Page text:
At 38 weeks of gestation, the risk of expectant management carries the same risk of death as delivery. But, at each later gestational age, the mortality risk of expectant management is higher than the risk of delivery:
- 39 weeks of gestation: 12.9 compared with 8.8 per 10,000
- 40 weeks of gestation: 14.9 compared with 9.5 per 10,000
- 41 weeks of gestation: 17.6 compared with 10.8 per 10,000
How to prevent stillbirth with its symptoms
Now that you know the causes and risk factors of stillbirth, take action to keep yourself and your baby healthy throughout your pregnancy. There are no direct symptoms you can tell of stillbirth. That’s why it is important to monitor your baby’s kicks from the second half of 2nd trimester to 3rd trimester of your pregnancy.
Follow these recommendations as they can help prevent having a stillborn baby:
- Be present for all your prenatal appointments.
- Take all prescribed medication and heed your doctor’s orders.
- Avoid alcohol and do not smoke.
- Stay away from people who are sick and avoid overly crowded places.
- Choose and prepare your meals well. Steer clear of raw or undercooked food and all edibles that can make you ill.
- Practice proper hygiene to avoid infections.
- Sleep on your side, and not on your back, especially from week 28 of your pregnancy and onwards.
Stillbirth delivery with consideration of its symptoms
After a fetus dies, labor will usually occur on its own within 2 weeks. Many women don’t want to wait that long. They might choose to have labor induced. This means going to the hospital and, usually, getting medicine that starts the labor process.
Stillbirth delivery procedure
If labor does not start on its own, your doctor might take methods and procedures of stillbirth delivery to get it going.
- Your doctor might use medicine to soften your cervix and help it begin to open.
- Then your doctor probably will give you medicine to start labor and keep your labor going.
- The doctor may also give your pain medication if you need it.
Some women might choose cesarean section delivery instead of going through labor. Your doctor will discuss it with you if it best suits your condition.
Delivery by C-section is rare in fetal loss. It is a major surgical procedure, so it is done only if the labor process is dangerous for you.
After any delivery procedure, you might still see your baby. Although this can be very hard, some parents want to hold their baby for the last time.
How long does it take to deliver a stillborn baby?
Labor commonly starts within 2 weeks after your baby dies in the womb. However, many mothers don’t want to take it that long.
Monitor fetal movement
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In addition, it would be wise to familiarise yourself with the way your baby moves. “The most important initial sign is for the mother to monitor the fetal movements,” explained Dr. del Prado.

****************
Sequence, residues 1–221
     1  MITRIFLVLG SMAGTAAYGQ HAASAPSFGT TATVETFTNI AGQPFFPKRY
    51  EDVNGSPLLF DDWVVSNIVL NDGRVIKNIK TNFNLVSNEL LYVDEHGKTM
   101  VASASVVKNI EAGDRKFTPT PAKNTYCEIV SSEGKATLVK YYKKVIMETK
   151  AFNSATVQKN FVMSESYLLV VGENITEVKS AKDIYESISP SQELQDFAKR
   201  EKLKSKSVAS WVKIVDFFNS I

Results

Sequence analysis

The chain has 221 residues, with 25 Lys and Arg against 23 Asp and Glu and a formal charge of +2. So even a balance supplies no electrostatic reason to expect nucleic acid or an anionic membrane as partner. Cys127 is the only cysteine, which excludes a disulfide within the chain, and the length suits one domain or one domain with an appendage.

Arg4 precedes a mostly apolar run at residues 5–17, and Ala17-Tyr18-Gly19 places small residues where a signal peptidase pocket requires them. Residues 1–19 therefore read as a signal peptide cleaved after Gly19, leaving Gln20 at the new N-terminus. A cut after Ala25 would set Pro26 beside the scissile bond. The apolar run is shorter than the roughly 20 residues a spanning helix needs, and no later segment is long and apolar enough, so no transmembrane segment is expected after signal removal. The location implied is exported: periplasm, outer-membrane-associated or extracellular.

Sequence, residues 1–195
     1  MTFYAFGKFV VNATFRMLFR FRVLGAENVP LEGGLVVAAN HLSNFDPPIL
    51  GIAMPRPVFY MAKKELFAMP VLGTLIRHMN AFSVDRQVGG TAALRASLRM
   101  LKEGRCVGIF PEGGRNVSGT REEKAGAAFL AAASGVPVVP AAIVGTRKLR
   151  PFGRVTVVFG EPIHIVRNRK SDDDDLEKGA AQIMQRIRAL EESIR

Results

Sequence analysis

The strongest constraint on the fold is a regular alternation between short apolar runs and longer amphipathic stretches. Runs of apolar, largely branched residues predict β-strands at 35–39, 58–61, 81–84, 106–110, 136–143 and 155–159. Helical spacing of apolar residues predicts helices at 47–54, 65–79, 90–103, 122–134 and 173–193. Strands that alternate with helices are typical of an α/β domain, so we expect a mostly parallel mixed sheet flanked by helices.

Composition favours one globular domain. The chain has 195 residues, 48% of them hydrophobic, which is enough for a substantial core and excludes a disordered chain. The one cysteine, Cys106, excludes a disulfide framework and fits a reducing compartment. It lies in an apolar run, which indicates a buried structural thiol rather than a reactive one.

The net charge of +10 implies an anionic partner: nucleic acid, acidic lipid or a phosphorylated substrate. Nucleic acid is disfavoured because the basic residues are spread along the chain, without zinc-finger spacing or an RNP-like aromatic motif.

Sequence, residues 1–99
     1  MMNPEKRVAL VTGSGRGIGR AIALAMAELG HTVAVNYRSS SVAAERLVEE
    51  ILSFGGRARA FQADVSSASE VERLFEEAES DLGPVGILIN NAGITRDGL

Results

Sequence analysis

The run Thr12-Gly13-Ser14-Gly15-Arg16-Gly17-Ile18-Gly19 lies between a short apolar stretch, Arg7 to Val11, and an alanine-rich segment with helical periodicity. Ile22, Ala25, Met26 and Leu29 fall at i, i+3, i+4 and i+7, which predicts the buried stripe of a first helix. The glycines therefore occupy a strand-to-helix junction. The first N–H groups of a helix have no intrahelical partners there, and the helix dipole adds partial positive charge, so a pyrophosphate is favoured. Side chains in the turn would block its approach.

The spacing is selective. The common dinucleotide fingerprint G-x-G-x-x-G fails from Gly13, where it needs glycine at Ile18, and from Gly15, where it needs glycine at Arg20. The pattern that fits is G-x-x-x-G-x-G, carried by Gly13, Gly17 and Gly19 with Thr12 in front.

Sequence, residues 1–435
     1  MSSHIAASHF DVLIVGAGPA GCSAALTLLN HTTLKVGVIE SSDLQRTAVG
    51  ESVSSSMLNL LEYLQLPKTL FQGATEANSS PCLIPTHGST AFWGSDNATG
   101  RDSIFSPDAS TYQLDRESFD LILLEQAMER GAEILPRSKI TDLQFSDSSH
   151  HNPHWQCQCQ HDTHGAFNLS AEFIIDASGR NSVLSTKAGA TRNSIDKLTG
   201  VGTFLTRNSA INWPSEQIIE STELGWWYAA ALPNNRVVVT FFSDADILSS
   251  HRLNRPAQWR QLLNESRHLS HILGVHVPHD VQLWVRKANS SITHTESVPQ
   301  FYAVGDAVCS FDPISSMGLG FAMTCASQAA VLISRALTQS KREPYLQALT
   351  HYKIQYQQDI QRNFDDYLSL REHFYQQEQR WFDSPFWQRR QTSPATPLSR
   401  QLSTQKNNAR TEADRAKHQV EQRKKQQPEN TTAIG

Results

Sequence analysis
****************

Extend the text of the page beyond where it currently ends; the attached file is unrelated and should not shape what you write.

“Normally, the fetus sleeps but it can easily be awakened by stimulation such as a voice, touching the abdomen, after coughing, and after eating.”
Sense and observe, for example, what time of the day your baby is most active and how many times he/she moves in an hour. Do this repeatedly until you get a good feel of how your baby moves.
If the movements suddenly stop, slow down significantly or there is no reaction even after stimulation, inform your doctor immediately.
Another reason to contact your doctor without delay is when there is vaginal bleeding or vaginal discharge that is not normal for you, particularly when it’s late into the pregnancy. This could indicate an infection, problems with the placenta, or the start of labor.
Dr. del Prado urges mums who have had stillborn babies to know and understand why their baby died. This could help them with closure and moving on, and at the same time, help doctors respond better when faced with a similar situation in the future.
“Your babies have become your angels in heaven. Your role does not stop there. Whether you want another child or no longer, we have to investigate the cause of your baby dying inside. Ideally, an autopsy of the stillborn baby and an examination of the placenta would be done. Ask your doctor about the possible cause of death because we can do something if these conditions can be resolved before or during pregnancy,” she said.
To those who want to try again and get pregnant despite experiencing stillbirth, Dr. del Prado highly recommends preconception counseling with a maternal-fetal medicine specialist (also called a perinatologist) or a high-risk pregnancy expert while still in the planning stage of pregnancy.
This way, there will be ample time to prepare the body, address all pregnancy-related concerns, manage existing health problems and risk factors, and reduce the chances of poor perinatal (before and after birth) outcomes.
Obstetrician-gynecologist Katleen del Prado, MD, FPOGS, FPSMFM is a perinatologist and high-risk pregnancy specialist who practices in Lucena City, Quezon, Philippines. You can find her on Facebook: Katleen Del Prado, MD-Ob-gyn.
Additional information from Nathanielle Torre